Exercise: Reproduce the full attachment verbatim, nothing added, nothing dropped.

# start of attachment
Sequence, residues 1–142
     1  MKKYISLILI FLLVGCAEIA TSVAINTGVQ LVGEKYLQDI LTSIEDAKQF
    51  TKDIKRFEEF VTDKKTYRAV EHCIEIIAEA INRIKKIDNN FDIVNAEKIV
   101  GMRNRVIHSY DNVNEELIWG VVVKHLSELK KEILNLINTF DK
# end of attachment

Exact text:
Sequence, residues 1–142
     1  MKKYISLILI FLLVGCAEIA TSVAINTGVQ LVGEKYLQDI LTSIEDAKQF
    51  TKDIKRFEEF VTDKKTYRAV EHCIEIIAEA INRIKKIDNN FDIVNAEKIV
   101  GMRNRVIHSY DNVNEELIWG VVVKHLSELK KEILNLINTF DK